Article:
Bowie teacher honored for passion, excellence

As she made her way through high school, Daleisha Myers wasn't interested in becoming a teacher. During her senior year of high school, she worked in the office of a child psychologist – and quickly concluded that it wasn’t for her. So, when she started her undergraduate studies at the University of Maryland in College Park, she finally yielded and started on her journey to becoming a teacher. Myers’ career choice gained some serious validation last week when the Glen Burnie resident, who teaches fifth grade at Tulip Grove Elementary in Bowie, was named the 2018 Prince George’s County “Teacher of the Year.” (Capital)

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Naval Academy Commissioning Week: Herndon Monument climb is history

A cannon boomed, and it began. Feet, knees, elbows, hands were planted, strained, linked, stretched to build a steady base Monday afternoon. Then, there’s the climbing, screaming, laughing, falling. The Herndon Monument climb, which got underway around 1:30 p.m, was history more than two hours later. Midshipman Peter Rossi did the honors of replacing the Dixie cup atop the greased monument. The time: 2 hours, 9 minutes and 35 seconds. Better than last year. (Capital)

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Churchill High students hang more than 250 T-shirts to memorialize teen victims of gun violence

Scores of white T-shirts labeled with the names of teenage victims of gun violence – first hung last month around the perimeter of Bethesda-Chevy Chase High School—on Monday lined the fence around Winston Churchill High School in Potomac. The display has grown by 59 shirts for its second appearance. “It was hard to write the names,” Elizabeth Kaprielian, a Churchill sophomore who helped with the display, said Monday. (Bethesda)

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May 21 // First, she took a knee to call out injustice. Now, this 11-year-old is fighting for her own rights.

Mariana Taylor is a sixth-grader with strong beliefs about racial injustice, sexism, gay rights and President Trump’s proposed wall at the Mexico border. Earlier this year, as her middle school class stood for the Pledge of Allegiance, she stayed seated. A couple of weeks later, she silently took a knee rather than sit — inspired by former NFL quarterback Colin Kaepernick, who ignited a national debate on patriotism and protest as he knelt during the national anthem to protest racial inequality and police brutality. “I kind of wanted to show people that what’s going on is not okay,” said Mariana, an 11-year old from Baltimore County, recalling that Kaepernick began kneeling rather than sitting after a military veteran told him it was more respectful. (Wash. Post)

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'Agents of change:' A year with the UMBC program shaping some of the nation's best and most diverse scientists

Adrian Davey hunched over a small plastic air quality sensor and threaded a red wire through one end. Freshmen Nick Balasus and Katherine Ball looked on. Davey has been stuyding the low-cost sensors since the end of his freshman year. They measure particulate air pollution from sources such as car exhaust or coal plants. Exposure to particulate matter has been linked to premature deaths. The sensors are widely available to the public. But the accuracy has not kept up with availability, according to Christopher J. Hennigan, the professor and lab director who oversees Davey’s work. Hennigan believes Davey would have been successful anywhere. The Meyerhoff program, he says, “lets their natural talents flourish.” (Balt. Sun)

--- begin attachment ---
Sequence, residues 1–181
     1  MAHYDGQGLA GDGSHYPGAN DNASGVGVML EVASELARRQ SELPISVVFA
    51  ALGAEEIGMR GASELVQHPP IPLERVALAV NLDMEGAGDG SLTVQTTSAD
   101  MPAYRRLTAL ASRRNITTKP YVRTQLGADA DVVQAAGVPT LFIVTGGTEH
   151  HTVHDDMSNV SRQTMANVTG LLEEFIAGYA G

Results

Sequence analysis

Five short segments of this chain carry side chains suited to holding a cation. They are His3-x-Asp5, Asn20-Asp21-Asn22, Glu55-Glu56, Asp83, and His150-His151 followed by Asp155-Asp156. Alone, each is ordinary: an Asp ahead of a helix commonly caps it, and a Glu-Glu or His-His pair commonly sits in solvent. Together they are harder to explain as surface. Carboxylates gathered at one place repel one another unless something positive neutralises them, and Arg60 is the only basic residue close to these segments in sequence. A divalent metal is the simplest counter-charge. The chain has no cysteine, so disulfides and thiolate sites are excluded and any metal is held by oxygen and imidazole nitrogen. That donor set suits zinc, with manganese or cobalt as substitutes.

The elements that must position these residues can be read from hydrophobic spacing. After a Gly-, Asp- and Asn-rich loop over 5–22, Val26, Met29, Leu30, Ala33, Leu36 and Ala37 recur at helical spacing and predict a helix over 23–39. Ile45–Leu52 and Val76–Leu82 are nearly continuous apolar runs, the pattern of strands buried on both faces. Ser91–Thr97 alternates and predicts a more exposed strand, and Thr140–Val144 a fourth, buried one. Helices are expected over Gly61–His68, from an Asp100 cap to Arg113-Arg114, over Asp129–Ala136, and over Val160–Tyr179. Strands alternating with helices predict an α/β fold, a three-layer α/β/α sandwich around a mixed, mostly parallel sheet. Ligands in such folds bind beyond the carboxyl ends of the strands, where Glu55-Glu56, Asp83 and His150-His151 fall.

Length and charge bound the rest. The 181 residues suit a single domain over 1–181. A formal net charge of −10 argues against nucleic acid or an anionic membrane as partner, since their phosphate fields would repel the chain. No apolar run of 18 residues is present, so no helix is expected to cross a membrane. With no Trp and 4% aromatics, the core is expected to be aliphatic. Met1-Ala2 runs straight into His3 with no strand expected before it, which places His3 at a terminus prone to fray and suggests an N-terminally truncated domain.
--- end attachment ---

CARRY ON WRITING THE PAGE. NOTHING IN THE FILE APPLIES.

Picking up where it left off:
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Denver Nuggets Star Donates Game Room To Baltimore School

Friday wasn’t a regular day for students at Johnston Square Elementary School. “I was out of my mind when I saw this game room,” student Tamil Daniels summed it up. A spare room was converted into a game room, thanks to a donation from NBA Denver Nuggets player Will Barton, who grew up in Baltimore and was looking for a way to give back. “How can I help this school and help kids stay in school with good attendance and keep striving to get good grades,” Barton said. (WJZ-CBS)

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Under Armour workers spend "Armour Day" fixing up three city schools

Hundreds of Under Armour employees fanned out to three Baltimore elementary/middle schools on Friday to help renovate aging buildings for “Armour Day.” Two thousand of the athletic apparel brand’s Baltimore-based workers took part in the company’s annual day of community service, typically held each May. The service day this year coincided with the start of Preakness weekend, when for the first time in years, the company chose not to host a race-day hospitality tent for top athletes and other celebrities. (Balt. Sun)

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Finding a challenge: Torrington Ford graduates from Anne Arundel Community College at 15

Torrington Ford can’t legally drive a car, but he’s landed a plane. He could read and write before most kids his age knew how to spell their names. Thursday, he’ll graduate from Anne Arundel Community College — at age 15. Before he heads off to Ohio State University in July, Torrington will be one of about 2,000 students to graduate from AACC this week — and indisputably the youngest. His college journey is three years in the making, more if you count from the day he jumped up and yelled at his mom in church. (Capital)

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